Recipe Review

Tired of Cakey Pumpkin Cookies? Try This Recipe for Soft, Chewy Cookies.

published Sep 21, 2021
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Credit: Antonia DeBianchi

I’ve made a lot of Broma Bakery’s recipes. From her peppermint chocolate cake to her cardamom oatmeal cookies, they’ve all far exceeded my high expectations. So when I came upon this pumpkin cookie recipe on Instagram, I knew I had to test it out. 

The idea of using maple extract for the dough intrigued me — I’ve never baked with it before. For some reason, I thought it might be too artificial and overpowering. Spoiler alert: I was wrong. Here’s what happened when I baked my first autumn recipe of the season. 

How to Make Soft Pumpkin Cookies with Salted Maple Icing

This recipe is super easy to make; you don’t need an electric mixer and you combine everything together in one bowl. You start by whisking together melted butter, pumpkin purée, and brown sugar. Next, add in vanilla and maple extract along with one egg yolk and whisk. Traditional pumpkin cookies tend to be more cakey when you add an entire egg, so including just a yolk helps achieves a chewy result. Then, add flour, baking powder, baking soda, salt, and cinnamon and mix using a rubber spatula until combined. 

After chilling the dough in the refrigerator for 30 minutes, use a one-ounce cookie scoop to form the balls of dough. Bake them for nine to 11 minutes at 350°F until they puff up and are slightly golden on the bottom. Meanwhile, make the salted maple icing. Simply mix powdered sugar, maple syrup, milk, and salt together then frost the cookies once completely cool.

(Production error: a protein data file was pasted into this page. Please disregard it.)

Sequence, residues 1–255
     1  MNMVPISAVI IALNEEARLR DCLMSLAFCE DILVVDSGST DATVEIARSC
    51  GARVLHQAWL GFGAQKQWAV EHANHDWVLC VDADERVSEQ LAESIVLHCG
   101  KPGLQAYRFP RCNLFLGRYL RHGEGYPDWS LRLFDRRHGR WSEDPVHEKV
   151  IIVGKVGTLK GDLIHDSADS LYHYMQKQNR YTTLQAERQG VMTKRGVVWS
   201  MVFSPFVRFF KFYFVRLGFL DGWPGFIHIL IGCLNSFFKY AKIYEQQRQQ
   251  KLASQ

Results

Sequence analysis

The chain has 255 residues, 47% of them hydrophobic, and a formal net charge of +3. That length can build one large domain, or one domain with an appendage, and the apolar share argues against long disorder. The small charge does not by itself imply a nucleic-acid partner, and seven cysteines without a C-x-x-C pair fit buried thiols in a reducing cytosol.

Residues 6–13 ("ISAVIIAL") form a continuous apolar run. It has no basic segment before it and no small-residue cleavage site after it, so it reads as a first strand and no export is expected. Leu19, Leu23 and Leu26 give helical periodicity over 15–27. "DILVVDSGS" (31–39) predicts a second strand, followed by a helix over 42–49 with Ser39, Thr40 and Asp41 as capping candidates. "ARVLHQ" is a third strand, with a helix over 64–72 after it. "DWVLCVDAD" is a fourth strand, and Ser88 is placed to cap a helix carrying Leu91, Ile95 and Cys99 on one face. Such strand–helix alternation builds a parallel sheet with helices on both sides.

Credit: Antonia DeBianchi

My Honest Review

I’m a firm believer in using pumpkin as an ingredient in any recipe possible during the fall. It always provides the warmest flavor in any dish. Surprisingly, another ingredient in this recipe dethroned pumpkin as the best warm-and-fuzzy ingredient: maple extract. If you could bottle up one smell to define fall, it would be the cookies’ maple scent wafting from my oven. While I could still taste the pumpkin, the maple extract’s caramelly, butterscotchy flavor was the most prominent and all-around irresistible ingredient. I’m not even the biggest fan of maple, but I will most definitely be keeping a trusty bottle of the extract in my pantry from now on. 

The other highlight of this soft pumpkin cookie recipe is the texture. Unlike most pumpkin cookies that can get too cakey, these are very gooey and very chewy. The melted butter is key to making the cookies live up to their soft name. I’d love to test this recipe with brown butter next time for a more caramelized, nutty flavor profile. 

The only part of this recipe that did not live up to the hype was the salted maple icing. For an already ultra-sweet treat, the powdered sugar-based icing is sugar overload. Whether you have a sweet tooth or not, I’d reduce the powdered sugar to your taste. Plus, the cookies are out-of-this-world good without it. 

Credit: Antonia DeBianchi

4 Tips for Making Soft Pumpkin Cookies with Salted Maple Icing

  1. Remove the cookies from the pan and place them on a wire rack. The whole point of this recipe is to yield super-soft, almost-underbaked cookies. Keeping them on the pan after they’re out of the oven will only make them crispier. Transfer to a wire rack to preserve their texture.
  2. Melt the butter completely. In order to get the best soft-and-chewy texture possible, make sure you melt the butter completely. Softened, whipped butter won’t give you that fudgy consistency.     
  3. Wait for the icing to set before eating the cookies. The powdered sugar-based icing is much more flavorful once you let the icing set for about five minutes. The taste is still subtle, so consider adding a drop of maple extract for a boost. 
  4. Don’t skip out on the maple extract. This was hands-down the most enriching part of the recipe. Even though I didn’t originally have it in my pantry, maple extract was very easy to find at my local grocery store. The recipe only calls for a small amount, but the subtle flavor becomes the star of the recipe.